SPRINGFIELD, Mo. – Tammy Dickinson, United States Attorney for the Western District of Missouri, announced that a Cabool, Mo., man pleaded guilty in federal court today to enticing a 14-year-old girl to engage in illicit sex.
Scott Dwayne Baker, 45, of Cabool, pleaded guilty before U.S. Magistrate Judge David P. Rush to the charge contained in a Feb. 28, 2013 federal indictment.
By pleading guilty today, Baker admitted that he sent a series of sexually suggestive texts, including a sexually graphic photo, to the cell phone of a 14-year-old victim. The victim had received numerous text messages of a sexual nature from Baker. On Feb. 2, 2013 a Missouri State Highway Patrol trooper assumed the victim’s identity and began communicating with Baker via cell phone text messages.
On Feb. 3, 2013 the undercover officer continued a lengthy text message conversation with Baker during the Super Bowl. After sending sexually explicit messages and a pornographic image of himself to the victim’s cell phone, Baker began making arrangements to meet with the victim. Baker believed the victim would skip school and be at home alone on the following day, Feb. 4, 2013. Baker was asked to bring a Dr. Pepper and a candy bar for the child victim.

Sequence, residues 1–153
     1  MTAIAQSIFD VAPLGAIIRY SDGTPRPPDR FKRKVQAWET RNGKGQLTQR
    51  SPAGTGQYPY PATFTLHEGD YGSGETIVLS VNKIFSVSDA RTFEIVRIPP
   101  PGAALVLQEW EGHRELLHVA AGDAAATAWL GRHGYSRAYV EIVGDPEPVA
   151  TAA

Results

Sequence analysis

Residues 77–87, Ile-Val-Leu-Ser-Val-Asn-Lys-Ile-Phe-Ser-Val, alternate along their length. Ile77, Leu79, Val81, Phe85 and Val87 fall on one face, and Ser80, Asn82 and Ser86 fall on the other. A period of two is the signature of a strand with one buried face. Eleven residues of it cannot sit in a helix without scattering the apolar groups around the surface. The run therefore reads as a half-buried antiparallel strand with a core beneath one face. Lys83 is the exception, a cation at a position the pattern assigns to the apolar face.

When he arrived at the victim’s home at about noon, bringing the Dr. Pepper and candy bar, he was arrested by officers of the Missouri State Highway Patrol.
Under federal statutes, Baker is subject to a mandatory minimum sentence of 10 years in federal prison without parole, up to a sentence of life in federal prison without parole, plus a fine up to $250,000. A sentencing hearing will be scheduled after the completion of a presentence investigation by the United States Probation Office.
This case is being prosecuted by Supervisory Assistant U.S. Attorney Michael S. Oliver. It was investigated by the Missouri State Highway Patrol, the Southwest Missouri Cyber Crimes Task Force and the FBI.
Project Safe Childhood
This case was brought as part of Project Safe Childhood, a nationwide initiative launched in May 2006 by the Department of Justice to combat the growing epidemic of child sexual exploitation and abuse. Led by the United States Attorneys' Offices and the Criminal Division's Child Exploitation and Obscenity Section, Project Safe Childhood marshals federal, state, and local resources to locate, apprehend, and prosecute individuals who sexually exploit children, and to identify and rescue victims. For more information about Project Safe Childhood, please visit www.usdoj.gov/psc . For more information about Internet safety education, please visit www.usdoj.gov/psc and click on the tab "resources."